I’ve been a little lax in my recent updates, so I figured while I am here at The Westin Lake Las Vegas relaxing before the race I would bring you up to speed. After Rev 3 Williamsburg, Derick and I took off for our 5-week stint in Salida, Colorado. All three of us have a purpose on this trip. I enjoy the cooler temps, altitude, and huge mountains to climb, as I put in the final touches before the big races. Derick gets his coaching work in while he carves out as much time as he can to to mountain bike and fly fish. Amico enjoys playing in the Arkansas River at last twice each day, biting the waves, and discovering his inner fish. And we hit up Amica‘s pizza and beer (yes, our dog was named after this place) at least 3 times a week. Life is good, slow, and simple in Salida. I squeaked in a race while there, Rev 3 Wisconsin, which, simply put, sucked. Not the race production itself, but my performance. The awesome part was that my entire family (mom, dad, sisters, bro-in-law, 3 nephews and 1 niece) all came up to support, which made the trip great. We stayed at the Kalahari Resort which backed up to the largest water park (indoors and out) I’ve ever seen. Everyone wore themselves out on Friday and Saturday playing in the water, swimming, and ‘hydrating’, while I snuck in short stints with them outside (and two water slides) but otherwise tried to keep my feet up. Race day, I felt flat from the gun. Heavy legs in the swim, struggle on the bike, and mediocre on the run. When I wanted to quit due to feeling sorry for myself and acknowledging that I have had some struggles this season, I thought of my family who came to watch and the 4 kiddos there to cheer me on, and I did not want to have to tell them I quit because I “did not feel good”. I would have finished dead last before quitting, especially with them there. I pushed as hard as I could to the finish and, while frustrated (and in tears), tried to still hold my head high. I was a bit upset, but nothing like family support when we feel discouraged and down on ourselves.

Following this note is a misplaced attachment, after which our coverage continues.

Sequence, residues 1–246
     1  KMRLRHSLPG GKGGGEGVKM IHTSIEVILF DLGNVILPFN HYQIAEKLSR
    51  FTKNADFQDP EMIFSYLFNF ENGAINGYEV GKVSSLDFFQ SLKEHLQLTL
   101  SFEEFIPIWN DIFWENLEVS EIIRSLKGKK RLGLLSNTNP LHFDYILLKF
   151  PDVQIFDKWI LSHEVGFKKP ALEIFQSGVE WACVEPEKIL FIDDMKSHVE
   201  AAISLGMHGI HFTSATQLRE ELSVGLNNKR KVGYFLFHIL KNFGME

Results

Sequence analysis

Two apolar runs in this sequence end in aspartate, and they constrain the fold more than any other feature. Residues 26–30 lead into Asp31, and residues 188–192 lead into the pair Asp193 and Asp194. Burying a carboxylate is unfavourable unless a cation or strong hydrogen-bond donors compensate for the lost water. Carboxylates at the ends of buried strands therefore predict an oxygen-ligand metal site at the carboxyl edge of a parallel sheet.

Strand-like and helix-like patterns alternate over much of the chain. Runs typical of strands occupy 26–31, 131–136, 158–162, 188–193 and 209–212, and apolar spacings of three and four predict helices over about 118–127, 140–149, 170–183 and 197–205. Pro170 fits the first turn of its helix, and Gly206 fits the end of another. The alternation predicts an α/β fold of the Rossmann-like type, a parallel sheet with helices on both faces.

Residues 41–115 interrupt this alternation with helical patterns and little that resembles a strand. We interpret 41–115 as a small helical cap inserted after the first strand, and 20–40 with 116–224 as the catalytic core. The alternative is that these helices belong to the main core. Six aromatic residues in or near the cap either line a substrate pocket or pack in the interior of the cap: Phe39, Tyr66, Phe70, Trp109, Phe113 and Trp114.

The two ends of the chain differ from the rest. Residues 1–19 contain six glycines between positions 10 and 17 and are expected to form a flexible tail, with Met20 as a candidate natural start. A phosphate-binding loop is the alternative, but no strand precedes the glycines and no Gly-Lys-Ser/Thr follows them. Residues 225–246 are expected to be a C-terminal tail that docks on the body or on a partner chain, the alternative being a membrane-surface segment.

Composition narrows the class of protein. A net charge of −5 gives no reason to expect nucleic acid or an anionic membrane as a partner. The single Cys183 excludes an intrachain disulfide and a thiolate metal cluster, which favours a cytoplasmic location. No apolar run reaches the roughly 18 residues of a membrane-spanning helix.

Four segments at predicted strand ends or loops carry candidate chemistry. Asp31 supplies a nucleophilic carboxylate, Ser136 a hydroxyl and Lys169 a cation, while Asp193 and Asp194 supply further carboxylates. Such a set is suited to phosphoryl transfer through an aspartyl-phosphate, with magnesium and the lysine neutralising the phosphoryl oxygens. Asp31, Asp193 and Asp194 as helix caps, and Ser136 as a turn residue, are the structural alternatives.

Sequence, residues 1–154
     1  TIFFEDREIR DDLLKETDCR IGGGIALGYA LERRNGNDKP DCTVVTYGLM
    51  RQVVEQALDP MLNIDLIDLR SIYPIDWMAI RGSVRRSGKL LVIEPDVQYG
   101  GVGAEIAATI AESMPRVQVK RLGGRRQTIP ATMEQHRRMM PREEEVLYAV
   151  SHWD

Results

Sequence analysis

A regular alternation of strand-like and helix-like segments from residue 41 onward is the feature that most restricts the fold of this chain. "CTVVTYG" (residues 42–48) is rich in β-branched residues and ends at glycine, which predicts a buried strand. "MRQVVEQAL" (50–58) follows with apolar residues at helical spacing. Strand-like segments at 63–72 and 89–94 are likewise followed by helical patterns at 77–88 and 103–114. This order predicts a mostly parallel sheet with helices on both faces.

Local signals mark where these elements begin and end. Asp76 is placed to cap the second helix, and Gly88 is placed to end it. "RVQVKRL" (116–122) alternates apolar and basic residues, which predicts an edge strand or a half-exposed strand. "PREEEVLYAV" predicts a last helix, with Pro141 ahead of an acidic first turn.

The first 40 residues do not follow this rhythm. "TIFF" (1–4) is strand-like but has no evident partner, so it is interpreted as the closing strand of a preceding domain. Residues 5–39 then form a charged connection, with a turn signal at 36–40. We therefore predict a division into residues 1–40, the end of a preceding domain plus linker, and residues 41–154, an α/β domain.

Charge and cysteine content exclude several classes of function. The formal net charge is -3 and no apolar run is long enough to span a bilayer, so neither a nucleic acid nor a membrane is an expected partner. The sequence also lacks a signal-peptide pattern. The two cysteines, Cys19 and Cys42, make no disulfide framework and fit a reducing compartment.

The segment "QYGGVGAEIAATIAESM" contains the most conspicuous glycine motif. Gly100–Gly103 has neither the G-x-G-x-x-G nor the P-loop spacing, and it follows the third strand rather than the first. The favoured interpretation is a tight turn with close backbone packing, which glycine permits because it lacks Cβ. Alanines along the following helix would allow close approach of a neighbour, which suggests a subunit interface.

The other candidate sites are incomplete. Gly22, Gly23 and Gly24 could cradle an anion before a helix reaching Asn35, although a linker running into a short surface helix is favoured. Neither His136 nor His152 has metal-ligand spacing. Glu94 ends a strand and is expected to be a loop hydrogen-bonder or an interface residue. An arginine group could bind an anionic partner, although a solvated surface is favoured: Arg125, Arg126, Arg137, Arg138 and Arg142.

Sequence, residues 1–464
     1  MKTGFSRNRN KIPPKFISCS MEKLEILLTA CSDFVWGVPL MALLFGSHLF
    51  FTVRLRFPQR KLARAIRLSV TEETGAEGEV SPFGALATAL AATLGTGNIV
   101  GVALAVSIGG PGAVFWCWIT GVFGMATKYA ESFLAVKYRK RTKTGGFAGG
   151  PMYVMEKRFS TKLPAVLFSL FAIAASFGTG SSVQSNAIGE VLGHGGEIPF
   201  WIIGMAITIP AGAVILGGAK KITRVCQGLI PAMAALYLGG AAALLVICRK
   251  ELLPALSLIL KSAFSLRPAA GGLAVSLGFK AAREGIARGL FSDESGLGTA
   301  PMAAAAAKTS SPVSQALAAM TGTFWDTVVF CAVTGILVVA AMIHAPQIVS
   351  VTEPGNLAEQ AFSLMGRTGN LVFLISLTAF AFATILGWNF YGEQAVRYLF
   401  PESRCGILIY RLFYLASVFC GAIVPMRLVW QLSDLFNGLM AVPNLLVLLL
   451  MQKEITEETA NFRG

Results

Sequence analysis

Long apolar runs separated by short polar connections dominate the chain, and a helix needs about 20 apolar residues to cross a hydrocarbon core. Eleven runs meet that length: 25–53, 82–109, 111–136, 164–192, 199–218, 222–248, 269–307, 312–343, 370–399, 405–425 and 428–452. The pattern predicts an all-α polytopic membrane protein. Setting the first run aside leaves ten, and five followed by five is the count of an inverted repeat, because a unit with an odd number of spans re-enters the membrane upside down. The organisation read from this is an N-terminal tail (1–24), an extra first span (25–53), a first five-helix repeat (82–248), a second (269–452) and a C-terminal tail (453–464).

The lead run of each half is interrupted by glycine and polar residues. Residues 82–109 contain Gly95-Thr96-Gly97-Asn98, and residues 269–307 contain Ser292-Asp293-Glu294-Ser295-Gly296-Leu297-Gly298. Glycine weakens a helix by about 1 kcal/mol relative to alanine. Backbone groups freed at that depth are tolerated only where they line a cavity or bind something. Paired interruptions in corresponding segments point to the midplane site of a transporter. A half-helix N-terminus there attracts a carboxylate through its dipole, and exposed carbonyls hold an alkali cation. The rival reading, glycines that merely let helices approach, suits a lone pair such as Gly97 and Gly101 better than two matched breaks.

I’d love to say that I am bluffing my way to Vegas. That this is all part of my Master Plan… that I could have won many races this year, but I am saving up for the big one…trying to fly under the radar as I so like to do! In reality? Not so much. This result in Wisconsin was not just ‘this one race’, but moreso the culmination of what I have been struggling with this season. Ever since January, I have found that my legs (more recently my left leg) have been feeling like they are ‘shutting down on me’, especially upon higher end efforts. It started only on the bike, but since late Spring been happening when running as well. As amazing as our Colorado trip is, it was also fairly stressful, as the leg felt worse there than it has all year. Bike workouts that started out as 6×6 minutes at max effort became 8×4 minutes when I realized my power plummeted after 4 minutes. The runs I so love to do in Salida (such as 10-12 mile Tempo Runs that start at 7,000 ft and peak at 10,000 ft) became 12-minute hill intervals up S Mountain, and on days my leg shut off too quickly on those, they became 4 minute intervals up S Mountain. Most of my training has always been things I can handle, yet that adequately challenge me…it is extremely rare for me to have to stop short of completing a workout. But by July and August, it seemed the workouts I could nail were less frequent than those I had to adjust on the fly. It may sound minor, but look at it this way. At your job you may need to be “ON” 2-3 days each week; you prepare for those days mentally and physically. When you’re not, and you ‘fail’ on those days, it’s stressful, frustrating and can leave you with so many questions as to ‘why’. This is how the past few months have been.